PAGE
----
KimWright said...

Hello my name is Kim Wright. I read your post as a requirement for my class at
The University of South Alabama. I really enjoyed getting information from someone with experience. I agree with you that teacher tend to forget who their audience is. We really need to keep the children in mind! You can read my blog about your post at kimwrightfall2009.blogspot.com

Mallory Burke said...

Hi, my name is Mallory Burke and I am reading your blog as a requirement for my computer class at the University of South Alabama.
I really enjoyed reading "What I've Learned This Year" because I thought it gave some very helpful information to remember when I begin my teaching career. I am a junior majoring in Elementary Education. The advice you gave was great and I thank you for putting it out there for all of us future teachers! I will be posting my own blog about what I read in your blog and if you would like to read it you can at: malloryburkefall2009.blogspot.com

Mallory Burke said...

Hi, my name is Mallory Burke I am an elementary education major at the University of South Alabama and I am a junior. I am reading your blog as a requirement for my computer class. I really enjoyed reading "What I've Learned This Year." You gave some great advice and I thank you for putting it out there for all of us future teachers to read. I will be making a post about what I read in your blog. You can read it at malloryburkefall2009.blogspot.com

Margaret Hines EDM310 Blog said...

My name is Margaret Hines and I am a junior at the University of South Alabama. I am reading your essay as a part of an assignment for Dr Stranges class. I must say that I learned a lot from reading this article. It is very inspiring. Getting information from teachers already in the field is a major plus for me. I can be reached by email: biggmarg1@gmail.com

Anonymous said...

Mr. McLung, i too am reading your blod per an assignment for a course taught by Dr. Strange at South Alabama. I am not studying to be a teacher but am interested in how prepared students are going to be for the outside world. Because I live in it too and will depend on the younger generation to run it. The advice you give is very good and I hope teachers adhere to it. Losing touch with your audience, trying to teach a perfect lesson and failure to communicate is a disservice to student, parents and the community.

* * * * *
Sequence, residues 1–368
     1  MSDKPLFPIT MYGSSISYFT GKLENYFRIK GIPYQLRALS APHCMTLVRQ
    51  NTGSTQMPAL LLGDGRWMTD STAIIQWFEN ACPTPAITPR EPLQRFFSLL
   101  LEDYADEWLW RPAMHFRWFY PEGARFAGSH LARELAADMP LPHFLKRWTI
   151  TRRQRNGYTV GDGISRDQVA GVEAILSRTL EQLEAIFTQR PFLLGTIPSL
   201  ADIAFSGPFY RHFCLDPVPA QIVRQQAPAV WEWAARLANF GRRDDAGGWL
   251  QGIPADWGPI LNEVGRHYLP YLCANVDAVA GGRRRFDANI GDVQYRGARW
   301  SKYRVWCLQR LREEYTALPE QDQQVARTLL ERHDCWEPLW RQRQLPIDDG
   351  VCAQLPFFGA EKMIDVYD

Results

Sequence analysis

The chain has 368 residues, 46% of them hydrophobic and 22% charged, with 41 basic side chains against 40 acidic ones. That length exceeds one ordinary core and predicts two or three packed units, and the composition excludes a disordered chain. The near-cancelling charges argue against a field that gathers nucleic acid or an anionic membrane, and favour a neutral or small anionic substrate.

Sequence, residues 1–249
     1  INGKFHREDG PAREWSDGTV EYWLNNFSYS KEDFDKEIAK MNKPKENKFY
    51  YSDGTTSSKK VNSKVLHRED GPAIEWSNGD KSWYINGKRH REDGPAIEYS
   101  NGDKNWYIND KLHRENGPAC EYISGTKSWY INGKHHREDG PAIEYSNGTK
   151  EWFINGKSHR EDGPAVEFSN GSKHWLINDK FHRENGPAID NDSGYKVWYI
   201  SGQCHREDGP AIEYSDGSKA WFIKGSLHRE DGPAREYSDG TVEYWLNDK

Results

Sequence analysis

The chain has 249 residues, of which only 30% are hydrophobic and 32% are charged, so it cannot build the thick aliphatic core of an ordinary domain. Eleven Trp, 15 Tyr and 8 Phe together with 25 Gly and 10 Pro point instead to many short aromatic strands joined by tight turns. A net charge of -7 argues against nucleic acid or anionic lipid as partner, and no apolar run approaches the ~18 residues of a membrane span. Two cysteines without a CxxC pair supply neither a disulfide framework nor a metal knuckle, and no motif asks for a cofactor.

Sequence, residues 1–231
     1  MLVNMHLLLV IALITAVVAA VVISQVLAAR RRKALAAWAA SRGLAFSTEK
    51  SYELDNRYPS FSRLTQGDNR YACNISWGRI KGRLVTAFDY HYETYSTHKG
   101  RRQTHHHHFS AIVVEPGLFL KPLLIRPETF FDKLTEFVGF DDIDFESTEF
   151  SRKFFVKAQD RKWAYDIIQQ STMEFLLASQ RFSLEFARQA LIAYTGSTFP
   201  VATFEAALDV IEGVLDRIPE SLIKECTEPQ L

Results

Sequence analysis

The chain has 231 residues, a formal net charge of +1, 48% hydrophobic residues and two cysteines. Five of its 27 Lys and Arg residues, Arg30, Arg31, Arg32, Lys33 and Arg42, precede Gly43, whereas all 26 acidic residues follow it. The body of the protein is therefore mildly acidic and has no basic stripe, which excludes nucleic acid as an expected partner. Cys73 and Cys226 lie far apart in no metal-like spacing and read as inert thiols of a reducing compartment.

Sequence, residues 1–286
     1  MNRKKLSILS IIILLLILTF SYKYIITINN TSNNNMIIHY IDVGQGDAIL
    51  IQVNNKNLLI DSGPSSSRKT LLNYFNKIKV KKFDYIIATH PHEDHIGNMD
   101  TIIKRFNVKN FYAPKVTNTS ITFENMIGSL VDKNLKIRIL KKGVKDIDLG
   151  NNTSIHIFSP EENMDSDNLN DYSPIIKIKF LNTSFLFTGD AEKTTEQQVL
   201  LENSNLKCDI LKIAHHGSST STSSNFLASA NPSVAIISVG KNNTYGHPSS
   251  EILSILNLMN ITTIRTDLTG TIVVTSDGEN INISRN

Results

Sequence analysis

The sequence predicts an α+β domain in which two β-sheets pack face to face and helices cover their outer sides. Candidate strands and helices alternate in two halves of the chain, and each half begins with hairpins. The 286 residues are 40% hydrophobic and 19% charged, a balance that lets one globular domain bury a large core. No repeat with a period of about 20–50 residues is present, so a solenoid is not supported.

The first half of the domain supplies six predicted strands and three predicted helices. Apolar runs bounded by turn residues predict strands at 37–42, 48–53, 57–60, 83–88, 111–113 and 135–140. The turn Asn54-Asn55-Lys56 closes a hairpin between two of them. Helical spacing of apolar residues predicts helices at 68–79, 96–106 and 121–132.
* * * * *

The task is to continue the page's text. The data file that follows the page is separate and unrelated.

I'm glad you learned how to adapt early in your career. Keep up the good work!
Ginger Parnell

Ruth's Blog said...

My name is Ruth Nazarian and I am an Elementary Education student at the University of South Alabama. My microcomputing class was asked to read your blog as an assignment and write about it in our class blogs. I really enjoyed your advice to teachers,especially about listening to your students. I think that a teacher will be more effective as a teacher if they show their students they care and that they have their best interests in mind. I too believe that teachers should never stop learning. You can read my comments of your blog atnazarianredm310fall09.blogspot.com .

Ruth's Blog said...
This comment has been removed by the author.
Ham Barnett said...

My name is Ham Barnett and I am an Education Major at the University of South Alabama. I read your blog and really enjoyed it. It is awesome to me to see a teacher that really cares about their students. Thank you for sharing. I would like to learn more. You can find me on twitter at hambarnett13 or my blog http://barnetthedm310fall2009.blogspot.com/

Anonymous said...

Hello my name is Shaneise.
I am reading this post because it was required by my EDM 310 teacher Stephen Sullivan. I am glad that this post was required for the class to read because I enjoyed it. I am majoring in Elementary Education and becoming a teacher for the first time makes me a little nervous but after reading about your experience as a first teacher it helps me see some guidelines that might be useful for me as well. Thanks for the helpful information. My class blog is Shaneise_Taite's EDM310.com.

matt moorer said...

My name is Matt Moorer. I am reading your blog as a requirement for my computer class at the University of South Alabama. I think that my favorite of your ideals has to be the fact that all teachers must be flexible. Sure, you are handed a sylabus at the beginning of the semester by your boss, but it's up to you to mold that basic gameplan into what and how exactly your students need to learn.

Allison Benton's EDM310 Blog said...

HI, my name is Allison Benton, and I read your post as part of an assignment for EDM 310 at the University of South Alabama. I really enjoyed reading this post because it gave me great insight on how to be a more effective teacher. This post will help me when I do my internship, observations, and when I become a teacher as well. Again, I really enjoyed reading this post; thank you for sharing your reactions to you teaching and the knowledge that you have gained because that has helped me as a future teacher. My class blog can be found at http://bentonaedm310fall2009.blogspot.com/. My Twitter name is zta06. Thank you!

Timeka Hollloway said...

Hi, my name is Timeka Holloway and I am reading your blog as part my assingment for the University of South Alabama. You made some excellent points in your blog. Listen to your students that was important. Because sometimes as a parent I forgot to listen to my son. I must remember that we all have something to say no matter how small we are. Technology is my friend eventhough it is every changing. I know I must be willing to stay one step ahead of my students as a future educater. Learning is a lifetime. I will never stop learning.